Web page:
There’s a lot of talk about accessibility these days, but you hardly see much of a spotlight on an area that often really gets accessibility: cartoons. Shout! Factory’s recent release of Hey Arnold! season one is a near perfect example of how well done cartoons can be fully accessible to anyone, without appearing to try too hard at it. In its first season on Nickelodeon, Hey Arnold! kicked off with an episode that throws viewers right into its world, without exposition heavy character introductions or clunky dialogue explaining what the show’s point was or who it was for.
That may seem like an odd comparison but it really isn’t, especially since Hey Arnold! began life as a comic by showrunner and creator Craig Bartlett. Both series are devoted to a large cast of characters with a small section “starring” at the center, except instead of Batman, Superman and Wonder Woman we have Arnold and Gerald, two kids who mean well but always get in trouble, and Helga, the girl who antagonizes them while secretly nursing a crush on one. Arnold’s first episode similarly introduces the deep urban setting of the show with minimal fuss, casually referencing the environment these kids are living in without calling too much attention to it.
Of course, none of this would really matter if it didn’t bring that entertainment value as well. Hey Arnold! debuted at the tail end of a golden era for Nickelodeon and its style is right in line with several shows from that time, like Rocko’s Modern Life and Rugrats (for which Bartlett also wrote), with its distinct, heavily detailed animation design. But while many of those Nickelodeon classics utilized a fast-paced, goofy humor, Hey Arnold! is more carefully paced and often leans on clever visual choreography and deft characterization for its humor. Hey Arnold! is also unique in its cinematic presentation, with scenes mimicking film techniques and an expert use of music and montage.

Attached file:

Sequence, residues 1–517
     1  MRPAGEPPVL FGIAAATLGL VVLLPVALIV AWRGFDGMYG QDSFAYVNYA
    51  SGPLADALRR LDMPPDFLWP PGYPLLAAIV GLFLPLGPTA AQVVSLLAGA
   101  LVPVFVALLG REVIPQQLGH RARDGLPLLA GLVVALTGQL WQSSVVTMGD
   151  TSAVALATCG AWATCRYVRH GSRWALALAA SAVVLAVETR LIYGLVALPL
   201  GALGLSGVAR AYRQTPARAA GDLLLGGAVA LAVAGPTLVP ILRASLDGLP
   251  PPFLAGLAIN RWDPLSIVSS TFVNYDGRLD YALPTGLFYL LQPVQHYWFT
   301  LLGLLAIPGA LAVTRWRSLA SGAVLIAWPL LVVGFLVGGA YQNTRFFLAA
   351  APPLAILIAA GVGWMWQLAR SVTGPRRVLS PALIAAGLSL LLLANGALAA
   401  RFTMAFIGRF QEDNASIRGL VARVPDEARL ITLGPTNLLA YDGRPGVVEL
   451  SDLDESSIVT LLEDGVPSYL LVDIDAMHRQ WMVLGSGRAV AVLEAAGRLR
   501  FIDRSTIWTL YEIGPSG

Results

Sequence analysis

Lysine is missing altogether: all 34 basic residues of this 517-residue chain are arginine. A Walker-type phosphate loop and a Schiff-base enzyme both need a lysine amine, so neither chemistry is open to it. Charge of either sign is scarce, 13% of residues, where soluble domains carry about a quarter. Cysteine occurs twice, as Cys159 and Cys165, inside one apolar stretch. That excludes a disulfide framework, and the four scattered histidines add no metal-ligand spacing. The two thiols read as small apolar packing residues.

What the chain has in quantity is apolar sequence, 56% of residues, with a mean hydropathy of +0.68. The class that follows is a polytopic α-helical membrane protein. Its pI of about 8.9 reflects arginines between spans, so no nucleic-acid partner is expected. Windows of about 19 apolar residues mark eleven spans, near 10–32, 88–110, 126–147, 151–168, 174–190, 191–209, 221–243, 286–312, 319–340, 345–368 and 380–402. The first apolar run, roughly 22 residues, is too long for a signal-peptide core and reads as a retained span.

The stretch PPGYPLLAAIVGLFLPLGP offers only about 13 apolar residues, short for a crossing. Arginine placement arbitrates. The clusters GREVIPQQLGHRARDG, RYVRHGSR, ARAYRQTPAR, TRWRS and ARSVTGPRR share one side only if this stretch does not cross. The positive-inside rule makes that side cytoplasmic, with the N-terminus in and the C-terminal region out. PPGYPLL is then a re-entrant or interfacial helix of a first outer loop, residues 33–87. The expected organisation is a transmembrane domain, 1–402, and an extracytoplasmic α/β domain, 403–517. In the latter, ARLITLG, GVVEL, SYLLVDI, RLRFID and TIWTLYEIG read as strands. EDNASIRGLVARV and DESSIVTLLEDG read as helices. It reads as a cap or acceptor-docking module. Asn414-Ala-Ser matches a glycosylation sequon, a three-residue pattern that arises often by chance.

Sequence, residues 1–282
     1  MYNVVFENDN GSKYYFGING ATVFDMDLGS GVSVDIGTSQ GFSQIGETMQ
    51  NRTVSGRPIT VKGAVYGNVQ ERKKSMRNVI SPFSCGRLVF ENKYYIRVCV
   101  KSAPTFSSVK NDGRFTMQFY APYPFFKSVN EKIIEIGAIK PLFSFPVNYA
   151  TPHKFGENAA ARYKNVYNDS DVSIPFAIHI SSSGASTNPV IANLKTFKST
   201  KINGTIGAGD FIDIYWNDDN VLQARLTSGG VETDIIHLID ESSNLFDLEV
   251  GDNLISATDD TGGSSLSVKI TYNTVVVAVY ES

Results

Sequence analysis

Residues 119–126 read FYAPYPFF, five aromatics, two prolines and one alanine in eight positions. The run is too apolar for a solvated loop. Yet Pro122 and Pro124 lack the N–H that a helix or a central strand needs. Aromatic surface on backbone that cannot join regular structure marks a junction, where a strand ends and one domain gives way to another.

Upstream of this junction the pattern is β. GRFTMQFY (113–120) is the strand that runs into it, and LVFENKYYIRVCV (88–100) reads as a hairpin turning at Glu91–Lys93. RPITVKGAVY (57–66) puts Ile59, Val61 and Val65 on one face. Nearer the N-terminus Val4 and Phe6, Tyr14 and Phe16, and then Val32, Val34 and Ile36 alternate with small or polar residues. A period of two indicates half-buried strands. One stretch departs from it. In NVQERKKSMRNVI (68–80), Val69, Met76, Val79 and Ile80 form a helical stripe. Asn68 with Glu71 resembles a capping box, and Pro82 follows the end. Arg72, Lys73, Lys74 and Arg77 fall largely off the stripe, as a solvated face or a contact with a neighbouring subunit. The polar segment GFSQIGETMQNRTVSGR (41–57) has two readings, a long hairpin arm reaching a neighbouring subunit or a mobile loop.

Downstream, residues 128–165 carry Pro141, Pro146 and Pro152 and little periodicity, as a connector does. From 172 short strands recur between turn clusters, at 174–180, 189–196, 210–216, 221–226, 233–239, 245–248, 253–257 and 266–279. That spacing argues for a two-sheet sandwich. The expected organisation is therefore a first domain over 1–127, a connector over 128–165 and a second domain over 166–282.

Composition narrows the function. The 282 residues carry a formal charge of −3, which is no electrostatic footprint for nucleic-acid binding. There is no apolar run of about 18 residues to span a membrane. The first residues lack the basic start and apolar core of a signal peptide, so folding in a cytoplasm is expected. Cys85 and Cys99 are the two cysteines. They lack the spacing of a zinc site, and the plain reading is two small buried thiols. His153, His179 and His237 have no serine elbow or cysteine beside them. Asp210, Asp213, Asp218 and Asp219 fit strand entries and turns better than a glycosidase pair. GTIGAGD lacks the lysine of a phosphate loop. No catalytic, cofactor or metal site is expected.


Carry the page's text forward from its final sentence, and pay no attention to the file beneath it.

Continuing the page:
Taken as an entire season, the episodes heavy on the imagination element also act as a buffer for the more casual Hey Arnold! episodes, like the romance driven “Operation: Ruthless,” and the more cinematic, emotional episodes mentioned before. More recent kids’ cartoons sometimes forget to offer that variety and balance and it can make for an exhausting viewing, and so did some of Arnold’s own contemporaries, but maybe that’s the intention. The levity of those more fantastical episodes also occasionally slips into the heavier episodes, specifically “Mugged,” which takes a relatively frightening storyline, Arnold getting mugged, and turns it into an opportunity for a Karate Kid-like scenario for Arnold as his grandma teaches him to defend himself.
Those kinds of juxtapositions are likely a big part of why Hey Arnold! was such a hit, running for eight years on Nickelodeon and spawning a feature length film. That means that Arnold not only managed to be more accessible than most comics, it also ran for longer than most recent efforts manage to as well. Shout! Factory’s season one collection may be short on the bonus features (in fact, as near as I can tell there are none), but even so, this series will thrill anyone who enjoys animated series or who wants to give their kids something that has substance and is entertaining.
When he’s not writing about the cape and spandex set, Nick Hanover is a book, film and music critic for Spectrum Culture and a staff writer for No Tofu Magazine. He also translates for “Partytime” Lukash’s Panel Panopticon.